What’s up bloggers! No interview today, just coming at you with some solid social proof ideas to add trust and legitimacy to your blog. Enjoy.
So, I searched a WHILE to find the perfect definition for “social proof,” and pretty much hated the ones I found. Here’s the best I could come up with:
The Social Proof Theory, popularized by Robert Cialdini, maintains that a person who does not know what the proper behavior for a certain situation is, will look to other people to imitate what they are doing and to provide guidance for his actions.
Basically, that means this: When website visitors land on your blog, social proof serves to add legitimacy and trust to your brand, and to you.
In today’s episode, I’m going to share with you a few really cool stories and ideas that will help you implement social proof on your own website.
Let’s dive in!
Listen to my episode on social proof for bloggers
Show notes and referenced links
- Robert Cialdini’s book Influence
- Yeah that’s really about it for today.
Wait, why do bloggers care about social proof?
If you want to sell anything on your blog (could be products, or selling an idea), you’re going to need a ton of trust and respect from readers.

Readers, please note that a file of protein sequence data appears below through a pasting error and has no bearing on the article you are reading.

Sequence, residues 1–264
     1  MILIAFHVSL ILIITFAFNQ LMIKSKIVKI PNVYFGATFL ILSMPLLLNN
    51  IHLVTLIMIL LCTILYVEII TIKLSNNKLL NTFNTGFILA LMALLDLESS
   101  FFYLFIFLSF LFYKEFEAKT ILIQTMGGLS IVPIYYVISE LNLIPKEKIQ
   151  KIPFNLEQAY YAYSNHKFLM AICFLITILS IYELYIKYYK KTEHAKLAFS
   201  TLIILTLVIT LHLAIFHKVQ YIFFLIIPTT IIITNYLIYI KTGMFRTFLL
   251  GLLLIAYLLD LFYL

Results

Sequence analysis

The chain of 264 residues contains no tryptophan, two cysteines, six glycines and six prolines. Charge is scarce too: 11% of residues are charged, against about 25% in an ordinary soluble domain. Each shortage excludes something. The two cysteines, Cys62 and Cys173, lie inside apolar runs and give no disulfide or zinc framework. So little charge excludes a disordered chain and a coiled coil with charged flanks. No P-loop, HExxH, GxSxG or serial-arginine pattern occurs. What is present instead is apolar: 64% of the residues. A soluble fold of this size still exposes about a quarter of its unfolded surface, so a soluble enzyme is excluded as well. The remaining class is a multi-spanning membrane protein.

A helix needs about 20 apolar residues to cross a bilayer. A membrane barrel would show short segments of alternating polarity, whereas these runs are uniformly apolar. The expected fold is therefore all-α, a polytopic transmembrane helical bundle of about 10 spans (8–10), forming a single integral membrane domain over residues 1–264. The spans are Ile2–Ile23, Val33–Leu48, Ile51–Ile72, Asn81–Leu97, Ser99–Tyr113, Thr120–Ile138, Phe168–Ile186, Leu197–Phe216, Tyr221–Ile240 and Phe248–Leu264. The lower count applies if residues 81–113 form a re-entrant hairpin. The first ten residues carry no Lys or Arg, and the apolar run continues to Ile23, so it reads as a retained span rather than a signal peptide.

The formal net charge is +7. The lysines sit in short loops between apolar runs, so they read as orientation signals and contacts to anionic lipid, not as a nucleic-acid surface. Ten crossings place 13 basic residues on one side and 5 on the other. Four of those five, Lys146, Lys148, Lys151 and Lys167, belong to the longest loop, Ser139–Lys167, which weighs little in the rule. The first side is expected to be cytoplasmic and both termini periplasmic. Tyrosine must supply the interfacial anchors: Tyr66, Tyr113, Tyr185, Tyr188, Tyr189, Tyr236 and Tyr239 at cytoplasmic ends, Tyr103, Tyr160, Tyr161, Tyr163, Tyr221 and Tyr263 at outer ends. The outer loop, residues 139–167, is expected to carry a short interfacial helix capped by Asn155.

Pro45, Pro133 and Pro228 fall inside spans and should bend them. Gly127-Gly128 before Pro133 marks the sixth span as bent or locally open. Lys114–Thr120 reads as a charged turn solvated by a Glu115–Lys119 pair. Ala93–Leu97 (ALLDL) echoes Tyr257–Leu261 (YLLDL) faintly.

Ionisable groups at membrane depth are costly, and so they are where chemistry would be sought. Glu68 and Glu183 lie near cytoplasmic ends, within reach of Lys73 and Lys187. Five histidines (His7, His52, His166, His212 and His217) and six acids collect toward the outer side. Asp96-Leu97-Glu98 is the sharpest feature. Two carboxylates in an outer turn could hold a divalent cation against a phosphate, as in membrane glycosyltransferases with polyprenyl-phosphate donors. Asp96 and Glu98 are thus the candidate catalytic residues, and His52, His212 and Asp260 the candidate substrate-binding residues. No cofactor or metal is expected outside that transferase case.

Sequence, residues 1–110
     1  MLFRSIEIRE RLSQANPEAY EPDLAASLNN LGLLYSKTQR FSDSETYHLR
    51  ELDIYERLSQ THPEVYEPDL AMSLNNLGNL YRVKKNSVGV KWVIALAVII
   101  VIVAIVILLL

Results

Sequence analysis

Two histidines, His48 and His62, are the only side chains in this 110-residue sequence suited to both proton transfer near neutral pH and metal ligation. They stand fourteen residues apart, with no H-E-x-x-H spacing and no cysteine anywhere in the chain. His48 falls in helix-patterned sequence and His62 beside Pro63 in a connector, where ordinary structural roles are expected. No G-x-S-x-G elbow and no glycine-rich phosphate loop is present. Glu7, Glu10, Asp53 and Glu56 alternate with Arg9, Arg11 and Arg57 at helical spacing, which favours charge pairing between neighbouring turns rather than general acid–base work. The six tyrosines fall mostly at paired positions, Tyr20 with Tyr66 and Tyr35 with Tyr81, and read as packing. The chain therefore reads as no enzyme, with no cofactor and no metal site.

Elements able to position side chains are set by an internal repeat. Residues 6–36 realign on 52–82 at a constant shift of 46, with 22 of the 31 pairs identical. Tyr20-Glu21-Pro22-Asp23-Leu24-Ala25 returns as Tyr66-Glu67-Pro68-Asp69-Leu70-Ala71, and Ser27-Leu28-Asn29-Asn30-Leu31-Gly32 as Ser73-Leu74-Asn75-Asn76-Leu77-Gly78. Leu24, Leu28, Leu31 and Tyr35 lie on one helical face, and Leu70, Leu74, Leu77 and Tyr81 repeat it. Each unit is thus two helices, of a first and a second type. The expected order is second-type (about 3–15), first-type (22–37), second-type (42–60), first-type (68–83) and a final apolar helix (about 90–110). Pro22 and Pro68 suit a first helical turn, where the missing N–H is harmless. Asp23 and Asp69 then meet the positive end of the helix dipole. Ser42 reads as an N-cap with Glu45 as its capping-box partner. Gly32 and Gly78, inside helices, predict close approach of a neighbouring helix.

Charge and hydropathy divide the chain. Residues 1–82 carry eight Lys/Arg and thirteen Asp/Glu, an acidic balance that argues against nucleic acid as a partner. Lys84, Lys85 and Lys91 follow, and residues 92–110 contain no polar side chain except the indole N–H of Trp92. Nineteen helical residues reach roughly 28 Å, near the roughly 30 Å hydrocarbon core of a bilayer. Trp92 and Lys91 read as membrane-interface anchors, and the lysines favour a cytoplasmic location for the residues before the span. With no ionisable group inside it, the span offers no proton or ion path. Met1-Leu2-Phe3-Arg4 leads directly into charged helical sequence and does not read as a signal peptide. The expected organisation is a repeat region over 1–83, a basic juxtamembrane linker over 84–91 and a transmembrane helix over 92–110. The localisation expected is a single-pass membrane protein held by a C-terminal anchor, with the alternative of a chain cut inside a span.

If you ever want to have a huge following, you’re going to need to quickly convince new website visitors to buy-in to your brand, and your message.
In general, social proof builds trust so you can…
- Increase retention,
- generally have an impact on people!
So you want a massage?
Who would you rather have a massage from?
- A grad student in massage therapy, and you’re their 1st client
- A 10-year masseuse w/ a full-time massage business w/ 500 5-star Google Reviews
Given that information beforehand, you’d likely choose the candidate with the most experience, and those 5-star reviews will carry a lot of weight in determining who the better masseuse is.
2 quick examples:
1 – The intro to this podcast above.
When I can feature several of my podcast guests, this helps adds an aura of “oh wow this podcast has had a LOT of awesome bloggers on the podcast,” or “oh wow this podcast has had JLD, Neil Patel, Michelle Schroeder, Nick Loper, etc, etc…it must be pretty good.”
At least that’s what I’m aiming for.
2 – Amazon reviews/ratings
What are some of the first things we look at when we view products on Amazon?
- How MANY ratings does it have?
- What’s the rating?
We’re looking for social proof.
When we see tons of other people that bought in and supported a product, Leaving awesome reviews, we’re more likely to judge that product as being favorable and a higher quality.
3 – My old personal finance blog
I manufactured a nice collage of several readers holding “I <3 The Smarter Dollar!” notecards lol. I didn’t specifically do this to build a social proof thingy…but it sure worked.
Plus, it was just super fun to put on my homepage!
I couldn’t find the collage, but I did find the individual pics people sent me. Here are two examples 🙂